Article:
PerspectiveChemistry

Discriminating Chemical Bonds

Science  14 Sep 2012:
Vol. 337, Issue 6100, pp. 1305-1306
DOI: 10.1126/science.1227726

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Summary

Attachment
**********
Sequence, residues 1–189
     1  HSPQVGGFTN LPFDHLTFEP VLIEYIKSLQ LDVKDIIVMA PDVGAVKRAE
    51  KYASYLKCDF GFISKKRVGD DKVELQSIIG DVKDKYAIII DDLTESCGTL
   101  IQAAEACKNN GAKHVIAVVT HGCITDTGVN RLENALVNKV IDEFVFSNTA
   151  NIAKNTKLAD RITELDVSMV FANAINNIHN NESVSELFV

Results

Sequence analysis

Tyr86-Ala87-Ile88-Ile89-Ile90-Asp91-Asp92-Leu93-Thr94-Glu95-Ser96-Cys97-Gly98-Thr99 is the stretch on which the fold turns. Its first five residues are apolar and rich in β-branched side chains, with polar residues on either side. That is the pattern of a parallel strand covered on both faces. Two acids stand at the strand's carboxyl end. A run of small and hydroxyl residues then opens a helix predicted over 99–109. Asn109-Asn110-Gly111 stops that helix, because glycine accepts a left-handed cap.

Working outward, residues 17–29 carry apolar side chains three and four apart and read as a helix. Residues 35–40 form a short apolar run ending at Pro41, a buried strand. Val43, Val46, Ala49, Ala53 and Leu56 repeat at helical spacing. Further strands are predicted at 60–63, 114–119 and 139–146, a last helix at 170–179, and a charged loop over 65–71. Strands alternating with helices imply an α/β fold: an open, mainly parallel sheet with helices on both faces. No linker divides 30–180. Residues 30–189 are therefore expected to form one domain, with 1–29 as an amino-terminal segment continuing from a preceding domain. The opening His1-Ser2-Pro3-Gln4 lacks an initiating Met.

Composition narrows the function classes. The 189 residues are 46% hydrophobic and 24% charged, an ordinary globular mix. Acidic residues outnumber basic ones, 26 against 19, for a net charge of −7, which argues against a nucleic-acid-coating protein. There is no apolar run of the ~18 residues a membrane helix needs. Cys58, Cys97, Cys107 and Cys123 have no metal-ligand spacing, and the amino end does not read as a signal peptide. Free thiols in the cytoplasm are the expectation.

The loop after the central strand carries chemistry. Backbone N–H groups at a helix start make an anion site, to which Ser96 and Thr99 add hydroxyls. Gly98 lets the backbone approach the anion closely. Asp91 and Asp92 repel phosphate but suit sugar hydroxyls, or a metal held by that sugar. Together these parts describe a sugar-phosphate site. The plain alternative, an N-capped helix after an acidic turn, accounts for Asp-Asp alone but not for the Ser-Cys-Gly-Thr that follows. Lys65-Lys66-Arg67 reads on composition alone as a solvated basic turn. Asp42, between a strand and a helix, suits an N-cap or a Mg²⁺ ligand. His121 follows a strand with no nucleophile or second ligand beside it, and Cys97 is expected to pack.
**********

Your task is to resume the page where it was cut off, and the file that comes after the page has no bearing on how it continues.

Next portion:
Recently developed operation modes for the atomic force microscope (AFM)—in particular, frequency modulation AFM (FM-AFM) (1)—have made it possible to image, manipulate (2), and chemically identify (3) both conducting and insulating surfaces (4) with atomic-scale resolution. On page 1326 of this issue, Gross et al. (5) push the limits of the imaging capabilities of AFM still further by using a functionalized tip—a metal tip with a carbon monoxide (CO) molecule at the apex—to map the subtle differences in charge density and bond length associated with nonequivalent C-C bonds in three complex molecular systems, and to correlate them with their bond order. The ability to determine fundamental properties of individual chemical bonds could affect many technologically relevant fields such as catalysis, photovoltaics, and molecular electronics.